a 2 minute read (photo courtesy of Linda Nickell)

“He’s never going to read all this,” complained my 14 year old son as he leafed through 5 pages of questions and diagrams in the waiting room of the orthopedic office.  

“You’re right, he probably won’t, but we will be stuck here in the waiting room if you don’t fill it all out.  It will also be a reminder to him on your next visit about what your injury was.  And do you know how many patients he has to examine each day?  Can you imagine remembering every patient’s injury, all day long?” I lectured.

I’m pretty sure my son tuned out after, “You’re right,” but ever since I had listened to an audio book about having your children take on more responsibility, we were requiring our children to do more for themselves in order to gain more independence and experience. He did fill out the entire form and I helped him with questions that he really could not know, like our insurance policy number.  He gained confidence that day that would help him in other areas of his life, plus he learned to fill out forms that are a continuous part of adult life, like job applications, medical questionnaires, sports camp documents, college applications, and even grocery lists.  We also required him to put away his phone when the doctor and nurse came in and have him explain to them where his pain was.  We usually rehearsed this a little beforehand or had him write notes on his phone so he wouldn’t forget anything.  Although it was difficult at times, I tried very, very hard not to interject comments, unless he forgot something major.  And then I just threw it back to my son, “Why don’t you tell him about…?”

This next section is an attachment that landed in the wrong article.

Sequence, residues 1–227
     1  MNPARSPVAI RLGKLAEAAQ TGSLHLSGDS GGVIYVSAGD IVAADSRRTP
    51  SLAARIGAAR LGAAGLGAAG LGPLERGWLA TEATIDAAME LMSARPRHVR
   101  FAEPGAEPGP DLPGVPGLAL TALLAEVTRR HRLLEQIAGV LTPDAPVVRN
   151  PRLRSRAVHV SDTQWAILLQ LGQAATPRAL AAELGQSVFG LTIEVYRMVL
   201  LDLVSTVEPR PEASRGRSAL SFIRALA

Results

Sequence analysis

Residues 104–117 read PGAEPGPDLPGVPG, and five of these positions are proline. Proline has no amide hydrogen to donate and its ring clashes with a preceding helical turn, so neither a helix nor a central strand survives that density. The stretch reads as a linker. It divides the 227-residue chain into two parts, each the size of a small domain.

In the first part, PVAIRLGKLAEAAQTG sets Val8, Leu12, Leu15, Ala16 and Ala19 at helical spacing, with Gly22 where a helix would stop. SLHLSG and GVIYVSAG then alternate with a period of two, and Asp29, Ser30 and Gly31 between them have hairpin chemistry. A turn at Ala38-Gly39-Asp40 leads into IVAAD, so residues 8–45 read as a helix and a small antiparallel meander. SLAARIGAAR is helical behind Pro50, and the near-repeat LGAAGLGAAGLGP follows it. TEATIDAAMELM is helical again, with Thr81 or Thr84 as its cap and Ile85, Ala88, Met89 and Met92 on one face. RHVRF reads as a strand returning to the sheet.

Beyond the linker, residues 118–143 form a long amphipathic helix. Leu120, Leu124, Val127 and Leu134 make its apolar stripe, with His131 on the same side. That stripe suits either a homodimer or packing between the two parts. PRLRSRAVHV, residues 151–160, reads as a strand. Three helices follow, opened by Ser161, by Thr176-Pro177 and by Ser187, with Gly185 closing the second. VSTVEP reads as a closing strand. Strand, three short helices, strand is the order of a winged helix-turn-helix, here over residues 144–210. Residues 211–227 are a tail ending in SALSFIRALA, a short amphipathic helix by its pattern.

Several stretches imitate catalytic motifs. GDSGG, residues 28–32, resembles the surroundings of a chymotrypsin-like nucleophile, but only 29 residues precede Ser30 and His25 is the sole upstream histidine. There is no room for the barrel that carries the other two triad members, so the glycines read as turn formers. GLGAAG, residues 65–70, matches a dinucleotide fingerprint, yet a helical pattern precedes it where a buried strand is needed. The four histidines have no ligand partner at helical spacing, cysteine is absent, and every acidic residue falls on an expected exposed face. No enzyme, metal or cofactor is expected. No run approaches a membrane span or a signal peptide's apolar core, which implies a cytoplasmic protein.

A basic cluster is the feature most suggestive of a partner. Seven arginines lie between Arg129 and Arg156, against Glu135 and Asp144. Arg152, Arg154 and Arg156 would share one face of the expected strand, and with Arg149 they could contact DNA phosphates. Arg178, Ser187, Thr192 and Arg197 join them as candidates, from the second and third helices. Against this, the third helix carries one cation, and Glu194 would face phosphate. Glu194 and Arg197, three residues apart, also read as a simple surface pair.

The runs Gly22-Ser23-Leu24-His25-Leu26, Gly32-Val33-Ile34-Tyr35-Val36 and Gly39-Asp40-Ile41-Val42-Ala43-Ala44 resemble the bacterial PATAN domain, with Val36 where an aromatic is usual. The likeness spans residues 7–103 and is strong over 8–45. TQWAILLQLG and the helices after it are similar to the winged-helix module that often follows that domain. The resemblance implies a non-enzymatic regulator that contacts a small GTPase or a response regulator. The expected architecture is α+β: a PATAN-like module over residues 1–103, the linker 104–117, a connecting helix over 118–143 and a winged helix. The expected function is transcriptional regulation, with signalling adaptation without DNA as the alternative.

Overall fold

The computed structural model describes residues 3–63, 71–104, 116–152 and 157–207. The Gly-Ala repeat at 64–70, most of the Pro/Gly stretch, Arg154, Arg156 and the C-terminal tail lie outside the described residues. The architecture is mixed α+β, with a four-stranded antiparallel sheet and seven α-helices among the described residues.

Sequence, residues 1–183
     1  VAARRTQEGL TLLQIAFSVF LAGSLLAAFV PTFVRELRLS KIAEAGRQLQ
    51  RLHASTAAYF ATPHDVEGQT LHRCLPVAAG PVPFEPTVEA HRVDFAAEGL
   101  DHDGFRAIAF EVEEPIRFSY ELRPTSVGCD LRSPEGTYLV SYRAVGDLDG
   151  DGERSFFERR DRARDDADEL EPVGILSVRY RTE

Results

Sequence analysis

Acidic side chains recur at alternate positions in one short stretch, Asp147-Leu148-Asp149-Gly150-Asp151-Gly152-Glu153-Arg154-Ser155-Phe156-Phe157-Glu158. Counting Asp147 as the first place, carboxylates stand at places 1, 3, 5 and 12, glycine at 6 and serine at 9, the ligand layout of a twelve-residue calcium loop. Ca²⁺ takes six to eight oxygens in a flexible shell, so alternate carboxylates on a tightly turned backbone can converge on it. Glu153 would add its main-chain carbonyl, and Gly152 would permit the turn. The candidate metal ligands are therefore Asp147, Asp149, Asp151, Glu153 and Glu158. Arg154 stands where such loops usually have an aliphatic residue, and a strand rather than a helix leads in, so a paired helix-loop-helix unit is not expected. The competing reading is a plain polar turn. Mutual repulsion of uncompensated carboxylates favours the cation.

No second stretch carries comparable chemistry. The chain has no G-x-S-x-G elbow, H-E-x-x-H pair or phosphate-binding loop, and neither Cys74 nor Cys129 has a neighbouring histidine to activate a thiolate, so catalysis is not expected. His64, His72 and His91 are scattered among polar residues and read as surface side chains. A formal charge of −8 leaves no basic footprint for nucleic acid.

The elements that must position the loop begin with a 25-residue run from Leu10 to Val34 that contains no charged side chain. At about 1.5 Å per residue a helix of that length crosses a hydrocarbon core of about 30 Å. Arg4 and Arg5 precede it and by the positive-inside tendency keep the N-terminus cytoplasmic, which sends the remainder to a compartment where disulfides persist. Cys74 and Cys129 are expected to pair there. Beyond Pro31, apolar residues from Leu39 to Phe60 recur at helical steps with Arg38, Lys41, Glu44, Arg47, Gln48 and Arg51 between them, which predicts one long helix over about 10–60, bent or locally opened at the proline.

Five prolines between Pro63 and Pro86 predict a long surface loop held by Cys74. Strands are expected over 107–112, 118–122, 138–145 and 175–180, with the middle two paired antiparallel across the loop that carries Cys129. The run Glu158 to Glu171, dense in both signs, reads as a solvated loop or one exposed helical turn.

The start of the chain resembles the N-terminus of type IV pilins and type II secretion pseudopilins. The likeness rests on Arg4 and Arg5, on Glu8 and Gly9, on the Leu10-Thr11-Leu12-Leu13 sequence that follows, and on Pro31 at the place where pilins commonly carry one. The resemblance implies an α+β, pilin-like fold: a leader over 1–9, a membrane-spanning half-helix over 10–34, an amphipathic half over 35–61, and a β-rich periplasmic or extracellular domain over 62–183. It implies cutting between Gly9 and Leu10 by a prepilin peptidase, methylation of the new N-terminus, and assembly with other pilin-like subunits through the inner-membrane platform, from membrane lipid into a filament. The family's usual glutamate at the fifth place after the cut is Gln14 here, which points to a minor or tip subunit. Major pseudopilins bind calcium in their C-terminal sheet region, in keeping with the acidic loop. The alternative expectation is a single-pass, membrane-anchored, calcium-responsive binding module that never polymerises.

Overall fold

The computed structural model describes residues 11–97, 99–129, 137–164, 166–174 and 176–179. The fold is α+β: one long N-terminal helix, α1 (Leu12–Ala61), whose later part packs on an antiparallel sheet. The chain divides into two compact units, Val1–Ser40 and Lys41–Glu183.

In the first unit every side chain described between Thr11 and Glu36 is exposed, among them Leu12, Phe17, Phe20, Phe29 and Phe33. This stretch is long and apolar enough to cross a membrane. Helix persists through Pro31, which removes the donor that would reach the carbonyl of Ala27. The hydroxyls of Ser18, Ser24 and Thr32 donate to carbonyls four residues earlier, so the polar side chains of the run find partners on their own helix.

Fast forward 4 years, my son is now a young adult with experience filling out numerous forms.  While he was attending college 4 hours away from our home, he was injured playing baseball.  He needed medical care and we, his parents, were working and too far away to get to him in a timely manner.  My husband quickly researched suitable doctors near his location, sent my son the information, and he walked into an unfamiliar doctor’s office confidently, knowing how to fill out the forms, converse with the doctor, and pay for his visit.  

The most surprising thing that happened though, was the next time we were at the doctor’s office for my daughter, I started filling out her forms and she politely said, “Mom, I am 14 now, so I have to fill out my own forms.”

“Yes, you do.”  And I handed her the questionnaire.

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Posted by:Karen Riley

2 replies on “An Often Forgotten Step to Independent Kids

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